Weak and of little strength, Roger sensed an open door. He went with a willing heart, seeking the “gain of Christ, to bless the blinded, the beaten, the lost.” When he got to the Atshuaras he found that sickness had weakened the entire tribe. He set out himself to finish building the air strip nearly alone. Once a bushmaster snake was two feet from him ready to strike. With the words, “God help me” he slashed his machete at the snake’s head, killing it. That machete was about his only human resource other than a willing heart.

After a harrowing plane ride, Nate Saint found Roj buried deep in the jungle. Youderian had almost singlehandedly finished the air strip for the plane to land. Saint wrote, “I know if Roj had gotten there, something would have happened to that strip, because Roj just doesn’t have anything in hand very long before something happens to it — especially if it needs something to happen to it. And, I knew Roj needed to get out of there, because I know the way he works; he never spares himself. He’d been in there a couple of weeks almost and I knew he would be a wreck and needing badly to get clear of the place.”[9]

Nate Saint had barely landed on the handmade air strip when Youderian ran to him, haggard, emaciated, and in a dirty t-shirt ripped full of holes. Screaming at the top of his lungs Roger bellowed, “We haven’t got time.” Nate replied, “Slow down now, Roj.” But Roj was not slowing down. Indians were dying as he ripped open the penicillin and started giving shots to nearly every man in the tribe. Some were standing between life and death. Soon all the shots were given, all the medicine was gone, and many lives were saved. Roj slowed down and said, “God is certainly in this thing.”[10]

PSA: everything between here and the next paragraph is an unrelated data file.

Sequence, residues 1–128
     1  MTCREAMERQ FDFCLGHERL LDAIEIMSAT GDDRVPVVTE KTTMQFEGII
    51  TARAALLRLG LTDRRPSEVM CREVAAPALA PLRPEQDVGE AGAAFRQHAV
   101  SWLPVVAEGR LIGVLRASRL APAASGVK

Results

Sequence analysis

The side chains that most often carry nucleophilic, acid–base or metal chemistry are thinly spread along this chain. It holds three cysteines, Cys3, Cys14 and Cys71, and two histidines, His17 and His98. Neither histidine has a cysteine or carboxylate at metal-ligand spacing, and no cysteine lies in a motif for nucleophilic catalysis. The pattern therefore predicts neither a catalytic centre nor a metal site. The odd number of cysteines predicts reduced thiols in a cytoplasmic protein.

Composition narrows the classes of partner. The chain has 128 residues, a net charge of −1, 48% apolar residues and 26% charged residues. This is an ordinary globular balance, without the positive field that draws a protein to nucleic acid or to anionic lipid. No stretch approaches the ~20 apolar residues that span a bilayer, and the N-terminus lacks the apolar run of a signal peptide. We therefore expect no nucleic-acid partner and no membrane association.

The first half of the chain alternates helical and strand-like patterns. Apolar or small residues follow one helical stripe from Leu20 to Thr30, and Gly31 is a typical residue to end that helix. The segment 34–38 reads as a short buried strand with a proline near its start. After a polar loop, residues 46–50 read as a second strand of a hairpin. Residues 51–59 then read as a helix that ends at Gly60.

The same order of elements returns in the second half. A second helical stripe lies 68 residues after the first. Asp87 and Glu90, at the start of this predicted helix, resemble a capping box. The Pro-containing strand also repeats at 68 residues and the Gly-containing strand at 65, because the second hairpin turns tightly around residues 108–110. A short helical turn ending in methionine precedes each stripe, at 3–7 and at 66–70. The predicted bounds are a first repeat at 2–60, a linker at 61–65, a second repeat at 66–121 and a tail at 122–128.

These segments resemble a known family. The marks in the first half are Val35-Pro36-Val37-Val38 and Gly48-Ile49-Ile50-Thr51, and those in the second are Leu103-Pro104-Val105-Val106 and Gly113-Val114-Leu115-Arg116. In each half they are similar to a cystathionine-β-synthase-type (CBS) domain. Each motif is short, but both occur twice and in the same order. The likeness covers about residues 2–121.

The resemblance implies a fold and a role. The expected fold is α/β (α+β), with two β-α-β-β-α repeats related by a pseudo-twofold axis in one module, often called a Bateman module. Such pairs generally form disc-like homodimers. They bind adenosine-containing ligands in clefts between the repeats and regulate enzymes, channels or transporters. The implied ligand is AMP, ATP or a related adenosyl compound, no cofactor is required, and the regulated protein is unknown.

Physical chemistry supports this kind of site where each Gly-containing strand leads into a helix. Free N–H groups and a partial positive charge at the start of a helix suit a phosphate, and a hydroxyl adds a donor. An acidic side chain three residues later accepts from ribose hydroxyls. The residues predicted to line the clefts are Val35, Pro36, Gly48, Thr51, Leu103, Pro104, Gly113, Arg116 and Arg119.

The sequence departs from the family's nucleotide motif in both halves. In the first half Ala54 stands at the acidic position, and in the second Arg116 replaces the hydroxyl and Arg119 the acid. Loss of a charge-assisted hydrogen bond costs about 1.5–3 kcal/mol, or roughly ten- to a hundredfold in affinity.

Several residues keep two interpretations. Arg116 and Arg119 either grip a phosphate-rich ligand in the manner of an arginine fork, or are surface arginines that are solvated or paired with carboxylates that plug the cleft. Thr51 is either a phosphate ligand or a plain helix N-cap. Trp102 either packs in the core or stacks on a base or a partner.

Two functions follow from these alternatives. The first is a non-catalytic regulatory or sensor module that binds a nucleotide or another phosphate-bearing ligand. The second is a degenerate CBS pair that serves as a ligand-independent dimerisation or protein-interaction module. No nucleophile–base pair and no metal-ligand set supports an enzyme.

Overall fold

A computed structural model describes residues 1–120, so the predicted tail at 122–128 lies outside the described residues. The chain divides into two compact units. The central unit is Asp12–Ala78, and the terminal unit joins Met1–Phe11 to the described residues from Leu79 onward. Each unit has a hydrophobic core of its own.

In spite of these amazing successes in such a short time on the field, Roger Youderian still felt like a failure. For his standards, he had not succeeded, and he was going home.

Then one day, Nate Saint asked Roj to join their team to reach the Huaorani Indians. A desperate inner struggle took place and Roj prayed with great agony of soul. God brought him through his discouragement and gave him confidence to join that band of men whose heart God had touched. His wife said of him, “he was cleansed through the Spirit for the task that lay ahead of him, and went with a happy, expectant mind and his heart full of joy.” He wrote on December 19, “I will die to self. I must be alive unto God. That I may learn to love Him with all my heart, mind, soul, and body.” He had found “heavenly love” through Christ, and now would go with “joy divine” to share His gracious salvation.[11]

Like the Church of Philadelphia in Revelation, Roger Youderian, was of little strength, but he held fast to the Word of God and the name of Christ. He would go. Roj had surrendered to follow Christ every second of his life, and so he went through one final open door, limping like an old man, duty bound and urgent to get the Gospel to those without Christ. This man, who got things done, knew when “God was in something.” He went. He gave. He died, and God was glorified.

My suggested last line for Roger’s unfinished poem is based on the promise God made to the mission-minded church of Philadelphia (Rev.3:12). As that church was given an open door, so was Roger Youderian. I offer it with profound respect for a man of God who challenges my walk with Christ, as he walks “today with Christ above:”

There is a seeking of honest love,
Drawn from a soul storm-tossed,
A seeking for the gain of Christ,
To bless the blinded, the beaten, the lost.

Those who sought found Heavenly love,
And were filled with joy divine,
They walk today with Christ above.
Conquerors and pillars, FOREVER WITH JESUS TO SHINE.


Matt Recker is the pastor of Heritage Baptist Church in New York City.

  1. All references taken from: Through Gates of Splendor, Elizabeth Elliot. Wheaton, Illinois: Tyndale House Publishers, 1956. []
  2. Through Gates of Splendor, p. 155. []
  3. TGOS, p. 152, 153. []
  4. TGOS, p. 74. []
  5. TGOS, p. 75. []
  6. TGOS, p. 80. []
  7. TGOS, p. 79. []
  8. TGOS, p. 84. []
  9. TGOS, p. 85, 91. []
  10. TGOS, p. 94. []
  11. TGOS, p. 154-155. []